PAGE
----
Featured Items Ritchie Christian Media

Occasional Letters - Put Your Money Where Your Future Is

D Newell, Glasgow

I confess that I find James 3.1 a sobering verse: "My brethren, be not many masters, knowing that we shall receive the greater condemnation". In other words, assembly teachers will be assessed more strictly than others. Of course, we shall all be assessed in the light of those pious words we so easily sing in our hymns or utter in our prayers. But teachers are particularly responsible because of their influence. And the testing often begins down here, as Jeremiah 32 illustrates.

It was 587 BC, just one year before Jerusalem finally fell to the Babylonian army which lay encamped about its walls. Disaster, disgrace and captivity were imminent, and yet Jeremiah the prophet was suddenly instructed by God to sink his money into a plot of land in Anathoth, his home town, even though it was most probably at that very moment being trampled underfoot by the Chaldeans and their camp followers. How absurd – to invest in what was doomed! Back in 1942 BBC reporter Giles Playfair recorded his impressions of Singapore just before it fell to the Japanese: "There was a sort of fanatical abandon about life in Singapore in those last days. For one thing possessions didn’t count any more…The most you hoped for was to preserve your life and if possible your freedom". When the enemy is at the gates why bother to purchase land you will never enjoy?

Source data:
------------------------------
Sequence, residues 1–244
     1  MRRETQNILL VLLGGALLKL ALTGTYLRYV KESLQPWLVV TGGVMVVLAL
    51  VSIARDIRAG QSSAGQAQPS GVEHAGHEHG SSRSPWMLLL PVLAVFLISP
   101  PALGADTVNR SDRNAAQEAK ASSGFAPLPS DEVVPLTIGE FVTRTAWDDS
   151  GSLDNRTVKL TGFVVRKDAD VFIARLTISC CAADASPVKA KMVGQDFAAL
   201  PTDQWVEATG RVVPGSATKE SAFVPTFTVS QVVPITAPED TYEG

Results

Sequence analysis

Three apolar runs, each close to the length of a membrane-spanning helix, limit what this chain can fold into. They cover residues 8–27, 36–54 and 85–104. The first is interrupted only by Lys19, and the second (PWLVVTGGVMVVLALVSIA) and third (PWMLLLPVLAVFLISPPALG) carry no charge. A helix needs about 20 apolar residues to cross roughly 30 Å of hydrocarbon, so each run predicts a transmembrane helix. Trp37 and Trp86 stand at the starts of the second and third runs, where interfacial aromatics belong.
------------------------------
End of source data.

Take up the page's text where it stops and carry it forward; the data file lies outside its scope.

Chapter 32 is a refreshingly frank account of a godly man who found it hard to understand what Jehovah was doing. For a start, he was in prison (vv.1-5), suffering for his robust testimony to the disobedient inhabitants of Jerusalem. It was the 41st year of a long ministry which had unflinchingly announced coming judgment on a people who had turned their back on God. From the very beginning Jeremiah’s message had been two-fold, predicting short-term retribution because of Judah’s guilt (Jer 16.5-13), and long-term restoration because of Jehovah’s grace (Jer 23.3-8). Such a public affirmation of the nation’s inevitable collapse branded him a traitor to his people and a thorn in the side of the religious establishment, who insisted that all would be well (Jer 8.11; 23.16-17). Jeremiah, you see, was no flattering preacher who played to the gallery or gave his congregation what they wanted to hear. Speaking God’s truth without fear or favour isn’t a recipe for popularity. Nor should we be surprised today when the gospel is rejected and despised. Its whole character runs counter to the spirit of the age. That is one reason why it requires a work of God’s sovereign grace to awaken any soul to the need of salvation for, of himself, "none…seeketh after God" (Rom 3.11). Yet it grieved Jeremiah’s spirit to see his own people malign and abuse him.